Article Publish Status: FREE
Abstract Title:

How Glyphosate Impairs Liver Condition in the Field Lizard(Rafinesque-Schmaltz, 1810): Histological and Molecular Evidence.

Abstract Source:

Biomed Res Int. 2019 ;2019:4746283. Epub 2019 May 14. PMID: 31218226

Abstract Author(s):

Mariailaria Verderame, Rosaria Scudiero

Article Affiliation:

Mariailaria Verderame


The potential toxicity of glyphosate, a widely used broad-spectrum herbicide, is currently a great matter of debate. As vertebrate insectivores, lizards protect plants from herbivorous insects increasing plant biomass via the trophic cascade and represent an important link between invertebrates and higher predators. A negative effect of glyphosate on lizards' survival could have major impacts at the ecological levels. In this study, we investigated the effects of the exposure to low doses of glyphosate on the liver of the wall lizarda suitable bioindicator of soil pollution. Two different doses of pure glyphosate (0.05 and 0.5g/kg body weight) were orally administered every other day for 3 weeks to sexually mature males and females. The results demonstrated that both doses, despite being very low, are toxic for the liver that showed clear signs of suffering, regardless of sex. The histological analysis provided a scenario of severe hepatic condition, which degenerated until the appearance of fibrotic formations. The morphological observations were consistent with a loss of liver physiological functions. Immunocytochemical investigations allowed us to detect an involvement of antioxidant/cytoprotective proteins, such as superoxide dismutase 1 (Cu/Zn SOD, known as SOD1), glutathione peroxidase 1 (GPx1), metallothionein (MT), and tumor suppressor protein 53, (p53) suggesting that the liver was trying to react against stress signals and damage induced by glyphosate. Finally,hybridization and Real-Time PCR analysis showed the upregulation of estrogen receptorand vitellogenin gene expression, thus demonstrating the xenoestrogenic action of glyphosate. The imbalance of the hormonal homeostasis could threaten the lizards' reproductive fitness and survival, altering the trophic cascade.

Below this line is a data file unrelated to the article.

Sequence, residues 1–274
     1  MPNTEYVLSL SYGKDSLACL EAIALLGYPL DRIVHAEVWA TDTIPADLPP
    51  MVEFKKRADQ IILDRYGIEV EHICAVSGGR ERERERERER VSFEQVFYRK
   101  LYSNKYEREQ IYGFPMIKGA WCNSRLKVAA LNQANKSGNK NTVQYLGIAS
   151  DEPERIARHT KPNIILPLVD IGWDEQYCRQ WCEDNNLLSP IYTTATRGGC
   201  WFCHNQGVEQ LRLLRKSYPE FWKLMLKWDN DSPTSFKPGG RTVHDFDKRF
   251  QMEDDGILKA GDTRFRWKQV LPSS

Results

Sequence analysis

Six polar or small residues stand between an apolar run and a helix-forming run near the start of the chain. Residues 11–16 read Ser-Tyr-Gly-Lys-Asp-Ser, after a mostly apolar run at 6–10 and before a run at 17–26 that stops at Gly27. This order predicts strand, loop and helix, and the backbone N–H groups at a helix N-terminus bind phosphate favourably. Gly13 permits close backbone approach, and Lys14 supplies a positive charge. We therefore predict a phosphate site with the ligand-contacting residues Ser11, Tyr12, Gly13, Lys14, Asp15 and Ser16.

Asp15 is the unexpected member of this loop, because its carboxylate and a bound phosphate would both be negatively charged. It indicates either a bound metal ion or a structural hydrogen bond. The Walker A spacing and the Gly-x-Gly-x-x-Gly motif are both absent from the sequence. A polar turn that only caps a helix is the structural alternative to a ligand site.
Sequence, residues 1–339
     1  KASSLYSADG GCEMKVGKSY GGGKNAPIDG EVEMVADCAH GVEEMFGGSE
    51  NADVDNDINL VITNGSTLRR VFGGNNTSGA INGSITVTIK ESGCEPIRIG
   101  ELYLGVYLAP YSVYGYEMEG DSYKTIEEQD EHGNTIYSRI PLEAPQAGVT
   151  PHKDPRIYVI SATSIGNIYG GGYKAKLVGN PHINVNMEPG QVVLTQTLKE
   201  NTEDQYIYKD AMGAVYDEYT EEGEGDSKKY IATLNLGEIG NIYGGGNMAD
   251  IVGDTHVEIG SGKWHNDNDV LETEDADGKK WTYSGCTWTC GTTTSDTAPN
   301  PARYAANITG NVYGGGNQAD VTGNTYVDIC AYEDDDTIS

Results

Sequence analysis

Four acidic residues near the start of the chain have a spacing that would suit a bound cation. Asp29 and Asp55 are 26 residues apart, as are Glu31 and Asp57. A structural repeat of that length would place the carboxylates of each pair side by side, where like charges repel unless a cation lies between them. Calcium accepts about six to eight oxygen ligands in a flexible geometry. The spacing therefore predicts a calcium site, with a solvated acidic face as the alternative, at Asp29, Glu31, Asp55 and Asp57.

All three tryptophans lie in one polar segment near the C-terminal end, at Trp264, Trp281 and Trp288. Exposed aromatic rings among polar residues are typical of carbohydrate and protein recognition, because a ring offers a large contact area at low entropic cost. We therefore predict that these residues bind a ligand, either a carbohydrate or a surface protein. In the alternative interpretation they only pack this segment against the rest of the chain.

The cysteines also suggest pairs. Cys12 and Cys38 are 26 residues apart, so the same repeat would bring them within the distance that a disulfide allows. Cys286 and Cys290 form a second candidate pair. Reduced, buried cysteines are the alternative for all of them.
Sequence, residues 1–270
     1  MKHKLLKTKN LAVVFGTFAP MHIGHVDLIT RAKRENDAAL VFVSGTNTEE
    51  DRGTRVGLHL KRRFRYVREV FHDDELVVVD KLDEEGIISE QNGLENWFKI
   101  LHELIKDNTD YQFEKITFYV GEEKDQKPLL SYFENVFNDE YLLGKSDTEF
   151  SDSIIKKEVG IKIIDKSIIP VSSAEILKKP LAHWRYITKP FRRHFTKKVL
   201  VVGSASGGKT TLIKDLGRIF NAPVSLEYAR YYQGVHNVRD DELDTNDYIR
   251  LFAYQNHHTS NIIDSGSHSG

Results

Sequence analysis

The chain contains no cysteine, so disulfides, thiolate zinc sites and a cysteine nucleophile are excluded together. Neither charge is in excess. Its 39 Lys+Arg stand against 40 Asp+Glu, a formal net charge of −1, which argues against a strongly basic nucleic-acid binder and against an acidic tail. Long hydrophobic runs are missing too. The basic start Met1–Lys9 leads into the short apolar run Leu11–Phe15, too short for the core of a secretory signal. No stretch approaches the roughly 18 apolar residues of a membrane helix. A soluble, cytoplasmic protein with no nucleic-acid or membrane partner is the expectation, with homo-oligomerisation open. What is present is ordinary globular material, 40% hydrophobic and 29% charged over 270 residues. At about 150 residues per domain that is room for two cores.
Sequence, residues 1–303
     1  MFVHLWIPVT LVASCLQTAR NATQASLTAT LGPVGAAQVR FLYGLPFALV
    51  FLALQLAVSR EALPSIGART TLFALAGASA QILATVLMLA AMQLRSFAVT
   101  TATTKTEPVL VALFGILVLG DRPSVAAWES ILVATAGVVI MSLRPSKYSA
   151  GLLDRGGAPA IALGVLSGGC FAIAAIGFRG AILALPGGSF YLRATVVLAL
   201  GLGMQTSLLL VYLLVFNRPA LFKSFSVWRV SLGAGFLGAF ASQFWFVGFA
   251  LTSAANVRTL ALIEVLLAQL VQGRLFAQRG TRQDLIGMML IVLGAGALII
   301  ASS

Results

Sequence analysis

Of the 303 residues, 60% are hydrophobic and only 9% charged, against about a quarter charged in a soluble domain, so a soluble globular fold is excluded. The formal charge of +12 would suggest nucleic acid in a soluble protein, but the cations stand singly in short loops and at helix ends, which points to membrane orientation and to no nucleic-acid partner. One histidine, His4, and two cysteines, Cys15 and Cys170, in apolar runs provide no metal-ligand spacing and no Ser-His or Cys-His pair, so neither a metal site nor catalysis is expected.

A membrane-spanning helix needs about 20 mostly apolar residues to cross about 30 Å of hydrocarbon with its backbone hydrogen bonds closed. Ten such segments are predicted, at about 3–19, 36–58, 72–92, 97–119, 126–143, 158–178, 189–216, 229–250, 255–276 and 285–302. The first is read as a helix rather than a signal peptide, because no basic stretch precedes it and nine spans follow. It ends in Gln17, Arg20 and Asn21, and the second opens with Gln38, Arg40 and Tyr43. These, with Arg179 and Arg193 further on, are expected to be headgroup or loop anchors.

Study Type : Animal Study

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